Q: The main characters in SONGS WITHOUT WORDSLiz and Sarabethlead different lives: Liz is a suburban mom who goes to yoga class and makes dinner for her kids while Sarabeth lives alone and routinely forgets chores like washing the dishes. Do you think the bonds we forge in childhood outride our differences as grown-ups?

A: Yes, I think that’s the case a lot of the time. We have friends in order to be known—that’s one of the reasons, anyway. And we have the idea about our oldest friends that they know us better than others do because they’ve known us longer. Also, I think enjoying the same activities or living the same kinds of lives as your friends becomes less important as you grow older—especially for women.

Q: You are a mother of two and your daughter is around the same age as the teenage girl, Lauren, in SONGS WITHOUT WORDS. Did this make it easier to write this character, or harder, given the difficulties Lauren faces?

A: It’s funny—I started writing the book when my daughter was nine or ten, not focusing on the fact that it would take a while and that when it came out she might well be fifteen, Lauren’s age in the book. I had Lauren in mind before I ever had a teenage daughter. Writing Lauren was surprisingly easy for me—she was by far the easiest character in the book, and the one who changed least as I revised.

Q: SONGS WITHOUT WORDS deals with the anxieties of contemporary parenting (Liz is a stay-at-home mom who feels tremendous guilt about not recognizing her daughter’s cry for help). Is this a common fear among parents: the fear of helplessness, of missing warning signs from their children? And have you had personal experience with teen depression?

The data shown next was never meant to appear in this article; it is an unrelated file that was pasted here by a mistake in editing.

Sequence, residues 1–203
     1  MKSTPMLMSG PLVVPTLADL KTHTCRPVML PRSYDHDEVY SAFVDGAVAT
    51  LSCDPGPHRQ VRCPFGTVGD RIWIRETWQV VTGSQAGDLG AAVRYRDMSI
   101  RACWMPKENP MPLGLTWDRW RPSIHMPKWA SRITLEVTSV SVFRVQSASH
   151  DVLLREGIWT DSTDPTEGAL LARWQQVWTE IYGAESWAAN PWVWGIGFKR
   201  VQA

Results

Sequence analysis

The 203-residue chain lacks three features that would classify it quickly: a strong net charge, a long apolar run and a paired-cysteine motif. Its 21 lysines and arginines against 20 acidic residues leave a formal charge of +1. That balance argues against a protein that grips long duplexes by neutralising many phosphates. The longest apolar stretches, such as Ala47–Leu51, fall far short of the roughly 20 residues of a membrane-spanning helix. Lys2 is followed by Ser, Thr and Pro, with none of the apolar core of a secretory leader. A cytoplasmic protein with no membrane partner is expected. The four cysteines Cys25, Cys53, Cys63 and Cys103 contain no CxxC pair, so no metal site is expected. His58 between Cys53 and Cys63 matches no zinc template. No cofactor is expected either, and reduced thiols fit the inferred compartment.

A: I think fear in general is incredibly pervasive among my generation of parents: of missing warning signs, of making poor choices, of doing the wrong thing. The idea of not seeing something until it is too late and your child is really in trouble: the specter of that—really, of the regret it would create—is very powerful. It could be depression we’re afraid of missing, or it could be something very different–though of course with depression the stakes are terrifyingly high. As for me and teen depression: I don’t think I have any experience as an observer—certainly not as an adult observer—but I was a depressed teenager myself, though not nearly to the same degree as Lauren.

Q: SONGS WITHOUT WORDS looks at the impact of a teenage girl’s attempted suicide on her life, and the life and relationships of her family. It also gives us a portrait of a woman, Sarabeth, whose mother committed suicide decades before the main action of the book. Do you think tragic events such as this redefine the way people look at the world?

A: I think events like this can have an enormous influence. What I find especially interesting is the way the influence can be occult: not something you could easily observe or identify, and yet fundamental to the way people look at or live in the world.

Q: In interviews about Dive, you responded openly to questions about your father and his suicide, and suicide plays a large role in SONGS WITHOUT WORDS. Is it hard for you to write about this or does writing provide an outlet to deal with the feelings you have about his death?

A: It isn’t hard, but it isn’t really an outlet, either. At least, I don’t think of it that way; I don’t choose themes in order to process my experience. But of course that’s what happens. Though not exactly: it’s not really a matter of processing, it’s more a matter of making something—art, one hopes—out of what you’ve got. Transmuting might be the right word. And having done that can bring you to a different stance about your experience.